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flo's avatar

Is there an article by the following doctor about science and non science claims?

Asked by flo (12974points) January 16th, 2019

Philip Fernbach
https://www.colorado.edu/ics/news
Something like People who think know the most know the least? referring to anti science skeptical about scientists people

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24 Answers

gorillapaws's avatar

Are you referring to the Dunning–Kruger_effect: https://en.m.wikipedia.org/wiki/Dunning–Kruger_effect as it relates to this particular doctor? I’m a bit confused by the question.

flo's avatar

@gorillapaws I tried to read the article. It would take more me time to understand. I’ll try it again.
@elbanditoroso Yes that’s it. I thought I posted this link
https://www.colorado.edu/business/philip-fernbach by the way
I looked in this page and I couldn’t find “Why We Believe Obvious Untruths”

What do you all think of the article?

flo's avatar

I looked in this page for the article:
https://www.colorado.edu/business/node/4613/articles
@gorillapaws thanks, I just went back to the article, and there is nothing to it I was just rushing. But isn’t everyone who disagrees with and exposes our ignorance of “low ability”?

gorillapaws's avatar

@flo It’s an actual phenomena in psychology. People who are objectively of low ability believe themselves to be much higher than they are (when comparing actual measurements: test scores, etc.) because they are unaware how much they don’t know, whereas an expert will often underestimate their ability because experts realize just how much more info in that subject they still don’t know about.

For example I was a Latin student in middle/high school and went to an annual Latin conference in my area with my class for several days where we competed in a variety of events. Several of the events were simply tests you could take to see who could score the highest. A few of us took the Greek tests just to see if we could bullshit our way through it and score some points for our school. After taking the Greek test, I actually thought I did fairly well (especially for never having studied Greek before). It turns out that I completely bombed it—like less than if I had guessed randomly (and rightfully so). But I was actually surprised that I did so poorly. There was a big disconnect between my confidence and my ability. THAT’s the Dunning–Kruger effect at work.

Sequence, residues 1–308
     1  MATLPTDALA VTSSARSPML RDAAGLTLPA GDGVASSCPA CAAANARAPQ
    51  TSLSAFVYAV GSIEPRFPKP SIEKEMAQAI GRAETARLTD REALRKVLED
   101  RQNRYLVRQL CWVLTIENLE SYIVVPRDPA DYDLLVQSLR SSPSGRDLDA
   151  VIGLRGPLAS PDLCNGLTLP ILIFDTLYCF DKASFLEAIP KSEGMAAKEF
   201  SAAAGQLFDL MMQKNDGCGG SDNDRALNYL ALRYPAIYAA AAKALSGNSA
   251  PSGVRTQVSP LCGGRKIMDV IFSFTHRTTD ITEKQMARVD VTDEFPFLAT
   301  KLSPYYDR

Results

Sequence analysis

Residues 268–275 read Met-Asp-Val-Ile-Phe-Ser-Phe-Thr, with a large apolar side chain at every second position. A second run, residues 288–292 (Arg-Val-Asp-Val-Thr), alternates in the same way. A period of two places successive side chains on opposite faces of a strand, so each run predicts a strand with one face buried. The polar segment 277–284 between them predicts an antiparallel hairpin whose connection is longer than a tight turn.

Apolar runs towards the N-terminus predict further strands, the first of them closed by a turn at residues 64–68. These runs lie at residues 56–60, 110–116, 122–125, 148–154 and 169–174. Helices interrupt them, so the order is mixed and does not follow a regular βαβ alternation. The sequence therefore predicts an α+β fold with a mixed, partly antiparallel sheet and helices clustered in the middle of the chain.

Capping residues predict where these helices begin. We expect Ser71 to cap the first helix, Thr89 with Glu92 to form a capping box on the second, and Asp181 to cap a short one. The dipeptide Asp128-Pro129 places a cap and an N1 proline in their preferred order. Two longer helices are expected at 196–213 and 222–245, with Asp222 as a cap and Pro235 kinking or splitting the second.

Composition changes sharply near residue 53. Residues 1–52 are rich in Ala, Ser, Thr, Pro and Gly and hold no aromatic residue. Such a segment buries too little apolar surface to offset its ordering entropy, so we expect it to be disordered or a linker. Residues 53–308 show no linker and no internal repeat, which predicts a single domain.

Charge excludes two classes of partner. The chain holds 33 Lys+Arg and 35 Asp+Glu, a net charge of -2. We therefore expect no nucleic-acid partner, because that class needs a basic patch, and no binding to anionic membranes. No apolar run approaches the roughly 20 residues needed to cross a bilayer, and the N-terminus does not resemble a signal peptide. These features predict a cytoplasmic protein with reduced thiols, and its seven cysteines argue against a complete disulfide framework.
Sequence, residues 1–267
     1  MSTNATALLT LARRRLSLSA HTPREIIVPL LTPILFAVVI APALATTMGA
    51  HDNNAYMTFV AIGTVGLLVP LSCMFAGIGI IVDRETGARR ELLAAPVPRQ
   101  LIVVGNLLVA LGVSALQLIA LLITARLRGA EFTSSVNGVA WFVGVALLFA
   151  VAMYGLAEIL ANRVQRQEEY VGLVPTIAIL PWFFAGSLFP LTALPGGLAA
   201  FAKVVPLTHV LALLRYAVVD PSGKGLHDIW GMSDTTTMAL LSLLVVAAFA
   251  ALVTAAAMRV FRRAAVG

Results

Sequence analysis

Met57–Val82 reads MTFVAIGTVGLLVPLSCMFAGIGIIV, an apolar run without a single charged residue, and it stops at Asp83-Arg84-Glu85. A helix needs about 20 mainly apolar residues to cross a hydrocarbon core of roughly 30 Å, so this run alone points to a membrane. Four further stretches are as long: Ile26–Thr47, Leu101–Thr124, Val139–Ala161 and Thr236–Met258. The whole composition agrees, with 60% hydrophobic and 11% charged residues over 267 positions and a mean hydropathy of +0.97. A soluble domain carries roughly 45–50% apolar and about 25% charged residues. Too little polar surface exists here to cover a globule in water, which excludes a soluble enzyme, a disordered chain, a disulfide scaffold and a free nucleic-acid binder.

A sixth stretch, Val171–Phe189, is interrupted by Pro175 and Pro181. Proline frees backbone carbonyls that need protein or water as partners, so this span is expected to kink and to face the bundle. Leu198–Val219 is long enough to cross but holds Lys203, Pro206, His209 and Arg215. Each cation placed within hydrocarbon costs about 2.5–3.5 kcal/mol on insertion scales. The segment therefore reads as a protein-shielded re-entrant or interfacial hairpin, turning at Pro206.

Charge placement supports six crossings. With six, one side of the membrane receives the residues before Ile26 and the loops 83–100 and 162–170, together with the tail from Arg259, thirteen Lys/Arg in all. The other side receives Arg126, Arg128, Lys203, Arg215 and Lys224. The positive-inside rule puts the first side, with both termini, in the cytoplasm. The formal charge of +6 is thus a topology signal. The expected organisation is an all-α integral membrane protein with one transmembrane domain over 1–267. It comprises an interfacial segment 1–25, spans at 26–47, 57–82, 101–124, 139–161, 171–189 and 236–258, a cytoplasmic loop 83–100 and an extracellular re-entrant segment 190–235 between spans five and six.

I wasn’t sure if this was what you were referring to in your original question.

flo's avatar

@gorillapaws I see your point it makes perfect sense .

See https://www.nytimes.com/2017/03/03/opinion/sunday/why-we-believe-obvious-untruths.html. Is the author calling any side opposing to his side I guess, “low ability”?

gorillapaws's avatar

@flo I think the author would agree with the sentiment that the people who disagree with Vaccines are “low ability” when it comes to immunology, or people who disagree with climate science are “low ability” when it comes to climatology. They may be very high ability in other areas, it’s certainly plausible that a genius mathematician could be completely wrong about parenting. The point is it’s not a “low ability” in the broad sense (i.e. this is a dumb person overall—although they could be) but narrowly defined to the particular topic, subject being discussed. We all have areas of knowledge that we’re “low ability” in, nobody is an expert in everything.

flo's avatar